-Fire: A fire ignites, causing damage and possible destruction of the structure it affects. If not dealt with, fires can spread to surrounding structures. Certain buildings will explode if the fire is allowed to destroy it, which will not only cause destruction of the doomed building, but will also cause the fire to spread beyond the normal radius if the building were simply to burn down. Some buildings will explode with such force that it will affect the terrain and infrastructure around it. Many of the other disasters will automatically cause fires.
    -Meteor: A meteor falls from space, causing a crater upon impact. If buildings or trees are located near the impact site, they may catch fire.
    -Lightning Strike: A bolt of lightning strikes the target area. Depending on what the lightning hits, it can cause a fire.
    -Earthquake: The tectonic plates under the target area begin to shift. The intensity of the quake depends on how long the mouse button is held down. Earthquakes cause the destruction of buildings and city infrastructure. It will also cause the terrain to raise or lower sharply.
    -Volcano: A volcano will sprout from the landscape, spewing lava into the air. Any buildings or infrastructure on the target area will be destroyed when the terrain changes shape. Any buildings touched by the lava will catch fire and burn down or explode.
    -Alien Invasion: An alien ship descends upon the city, deploying many smaller flying saucers. These ships will destroy buildings.
    -Giant Robot: A giant bipedal robot decends from space and begins to wander through the city, destroying anything in its path. Occasionally, the robot will stop and fire projectiles, which will also destroy things.
    -Autosaurus Wrecks: Similar to the giant robot, a dinosaur-like creature composed of scrap automobiles will appear and begin destroying buildings.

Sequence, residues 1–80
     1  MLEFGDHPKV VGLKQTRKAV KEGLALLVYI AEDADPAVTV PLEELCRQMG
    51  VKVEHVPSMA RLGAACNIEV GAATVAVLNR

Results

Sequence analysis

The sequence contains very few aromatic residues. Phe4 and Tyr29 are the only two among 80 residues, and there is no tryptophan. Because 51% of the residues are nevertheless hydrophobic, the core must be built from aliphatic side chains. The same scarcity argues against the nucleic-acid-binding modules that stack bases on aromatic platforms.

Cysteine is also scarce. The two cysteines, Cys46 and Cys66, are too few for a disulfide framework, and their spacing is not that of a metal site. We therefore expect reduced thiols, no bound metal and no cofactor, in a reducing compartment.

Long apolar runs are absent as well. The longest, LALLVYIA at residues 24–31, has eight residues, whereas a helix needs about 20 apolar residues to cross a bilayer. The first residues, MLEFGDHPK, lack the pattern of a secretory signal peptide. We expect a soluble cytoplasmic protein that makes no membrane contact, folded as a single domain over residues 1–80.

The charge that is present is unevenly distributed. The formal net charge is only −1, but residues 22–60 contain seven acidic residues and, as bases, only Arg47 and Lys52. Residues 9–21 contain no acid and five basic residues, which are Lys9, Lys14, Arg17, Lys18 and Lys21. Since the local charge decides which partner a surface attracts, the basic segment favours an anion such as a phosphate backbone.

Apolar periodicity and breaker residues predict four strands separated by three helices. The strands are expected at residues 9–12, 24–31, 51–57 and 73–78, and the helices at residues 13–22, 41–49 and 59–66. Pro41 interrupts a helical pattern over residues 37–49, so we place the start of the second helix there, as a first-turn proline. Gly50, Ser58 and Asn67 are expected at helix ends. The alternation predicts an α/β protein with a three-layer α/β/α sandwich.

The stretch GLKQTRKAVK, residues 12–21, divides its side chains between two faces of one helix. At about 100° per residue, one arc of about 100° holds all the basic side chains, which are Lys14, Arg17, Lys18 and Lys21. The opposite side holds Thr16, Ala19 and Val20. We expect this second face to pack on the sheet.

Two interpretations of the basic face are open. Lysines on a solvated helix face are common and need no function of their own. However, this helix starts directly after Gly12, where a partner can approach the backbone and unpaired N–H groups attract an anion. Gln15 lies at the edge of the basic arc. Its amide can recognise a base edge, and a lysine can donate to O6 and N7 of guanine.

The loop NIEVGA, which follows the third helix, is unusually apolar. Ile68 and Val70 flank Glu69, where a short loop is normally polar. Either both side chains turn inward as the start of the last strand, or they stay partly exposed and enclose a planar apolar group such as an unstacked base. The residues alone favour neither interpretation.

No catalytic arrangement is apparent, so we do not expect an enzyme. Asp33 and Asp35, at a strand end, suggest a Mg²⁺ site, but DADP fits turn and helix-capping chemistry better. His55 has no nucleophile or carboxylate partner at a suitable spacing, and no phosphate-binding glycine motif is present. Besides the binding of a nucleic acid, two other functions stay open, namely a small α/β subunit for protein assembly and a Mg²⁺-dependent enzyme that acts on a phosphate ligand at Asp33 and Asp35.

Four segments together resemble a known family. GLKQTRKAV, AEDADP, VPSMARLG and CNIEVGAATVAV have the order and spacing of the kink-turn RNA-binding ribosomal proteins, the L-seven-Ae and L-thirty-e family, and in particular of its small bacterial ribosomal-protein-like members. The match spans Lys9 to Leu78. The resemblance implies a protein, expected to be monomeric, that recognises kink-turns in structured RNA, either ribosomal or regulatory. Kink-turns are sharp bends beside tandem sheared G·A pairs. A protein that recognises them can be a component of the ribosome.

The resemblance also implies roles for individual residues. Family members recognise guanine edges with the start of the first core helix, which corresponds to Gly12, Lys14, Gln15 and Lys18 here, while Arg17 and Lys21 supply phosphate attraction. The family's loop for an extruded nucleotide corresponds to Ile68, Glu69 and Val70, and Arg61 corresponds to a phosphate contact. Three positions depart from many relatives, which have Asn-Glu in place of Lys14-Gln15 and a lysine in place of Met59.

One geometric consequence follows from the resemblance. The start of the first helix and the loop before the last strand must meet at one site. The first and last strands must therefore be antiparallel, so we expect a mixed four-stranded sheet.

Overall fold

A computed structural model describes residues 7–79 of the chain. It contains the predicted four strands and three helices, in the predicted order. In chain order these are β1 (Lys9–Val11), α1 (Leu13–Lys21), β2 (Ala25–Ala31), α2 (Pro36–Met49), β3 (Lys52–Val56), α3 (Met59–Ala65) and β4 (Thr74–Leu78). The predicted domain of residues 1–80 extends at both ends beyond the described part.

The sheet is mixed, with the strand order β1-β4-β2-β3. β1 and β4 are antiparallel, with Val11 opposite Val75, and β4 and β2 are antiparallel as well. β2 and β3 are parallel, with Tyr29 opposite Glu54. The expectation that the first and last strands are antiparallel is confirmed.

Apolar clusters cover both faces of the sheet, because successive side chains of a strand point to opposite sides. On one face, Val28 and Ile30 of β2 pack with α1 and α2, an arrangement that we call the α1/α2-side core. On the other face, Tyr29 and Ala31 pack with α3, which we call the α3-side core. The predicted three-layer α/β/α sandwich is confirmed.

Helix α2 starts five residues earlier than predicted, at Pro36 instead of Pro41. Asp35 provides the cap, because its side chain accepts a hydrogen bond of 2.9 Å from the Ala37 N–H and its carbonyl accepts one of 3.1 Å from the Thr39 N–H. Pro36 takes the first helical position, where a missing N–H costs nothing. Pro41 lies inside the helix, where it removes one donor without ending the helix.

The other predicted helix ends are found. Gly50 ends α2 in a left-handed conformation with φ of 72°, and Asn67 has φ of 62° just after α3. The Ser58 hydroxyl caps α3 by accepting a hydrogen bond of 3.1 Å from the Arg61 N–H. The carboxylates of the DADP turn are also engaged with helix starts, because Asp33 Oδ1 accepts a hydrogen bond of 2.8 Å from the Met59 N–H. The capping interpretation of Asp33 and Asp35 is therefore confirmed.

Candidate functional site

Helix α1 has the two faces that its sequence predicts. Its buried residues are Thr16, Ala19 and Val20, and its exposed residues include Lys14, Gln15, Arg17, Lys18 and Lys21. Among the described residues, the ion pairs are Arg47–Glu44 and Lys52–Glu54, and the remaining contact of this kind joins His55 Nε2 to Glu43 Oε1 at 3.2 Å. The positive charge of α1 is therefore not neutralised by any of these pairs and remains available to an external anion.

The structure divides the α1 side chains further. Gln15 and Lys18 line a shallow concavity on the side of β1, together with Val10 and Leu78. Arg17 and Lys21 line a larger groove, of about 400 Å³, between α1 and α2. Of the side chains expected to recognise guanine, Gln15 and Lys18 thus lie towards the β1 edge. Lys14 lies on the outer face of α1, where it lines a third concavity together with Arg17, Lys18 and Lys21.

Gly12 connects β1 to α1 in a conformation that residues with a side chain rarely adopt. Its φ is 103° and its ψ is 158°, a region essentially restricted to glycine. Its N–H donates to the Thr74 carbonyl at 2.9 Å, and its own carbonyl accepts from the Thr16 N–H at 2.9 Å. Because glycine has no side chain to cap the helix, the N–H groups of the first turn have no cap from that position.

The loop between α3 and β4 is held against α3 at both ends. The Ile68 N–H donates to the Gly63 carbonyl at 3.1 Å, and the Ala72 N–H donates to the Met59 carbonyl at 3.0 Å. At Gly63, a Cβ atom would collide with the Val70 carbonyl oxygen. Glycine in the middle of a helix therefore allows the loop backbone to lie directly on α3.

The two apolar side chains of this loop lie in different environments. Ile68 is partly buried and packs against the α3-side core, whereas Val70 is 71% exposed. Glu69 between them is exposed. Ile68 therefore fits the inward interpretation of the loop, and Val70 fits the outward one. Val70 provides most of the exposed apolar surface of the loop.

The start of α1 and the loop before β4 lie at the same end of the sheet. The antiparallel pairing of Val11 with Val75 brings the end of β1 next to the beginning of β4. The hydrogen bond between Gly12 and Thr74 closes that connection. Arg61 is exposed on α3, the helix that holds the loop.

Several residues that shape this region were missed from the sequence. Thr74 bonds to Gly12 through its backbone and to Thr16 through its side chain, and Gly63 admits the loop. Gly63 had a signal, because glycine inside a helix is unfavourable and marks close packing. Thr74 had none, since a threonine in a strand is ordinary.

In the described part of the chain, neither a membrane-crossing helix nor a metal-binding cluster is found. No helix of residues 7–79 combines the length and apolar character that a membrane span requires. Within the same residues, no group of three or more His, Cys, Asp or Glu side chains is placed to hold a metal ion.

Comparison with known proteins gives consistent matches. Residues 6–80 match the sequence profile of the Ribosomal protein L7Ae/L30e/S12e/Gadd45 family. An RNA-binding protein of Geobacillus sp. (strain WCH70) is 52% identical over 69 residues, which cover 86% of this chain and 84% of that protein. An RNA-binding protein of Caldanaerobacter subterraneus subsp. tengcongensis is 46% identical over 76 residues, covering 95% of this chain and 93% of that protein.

All disasters in SimCity 4 are able to be controlled by the user. The path of tornadoes, robots, and flying saucers can be determined by "dragging" the item with the cursor. Fires can be set one at a time by clicking on a target once. A firestorm can be created by clicking and dragging the fire over several targets.

Mayor Mode is the city management portion of the game. All building, zoning, and administrative functions are carried out here. The Mayor Mode panel is divided into building and zoning menus along the left side of the screen and advisory menus along the bottom. Advisory menus contain the city's vital information, such as budget, data graphs, maps, and city opinion polls. Building and zoning menus allow the player to zone areas residential, commercial, and industrial, as well as to build structures important to city function (police stations, firehouses, hospitals, et cetera).

As with many other games in the Sim series, SimCity 4 has no established storyline or ending, allowing the user to build and modify a single city or region indefinitely. The game does set a few loose rules as to how the user should play, in that the city advisors will alert the user when something happens that could lead to financial or physical ruin for the city (budget deficits, not enough of a particular kind of utility, et cetera).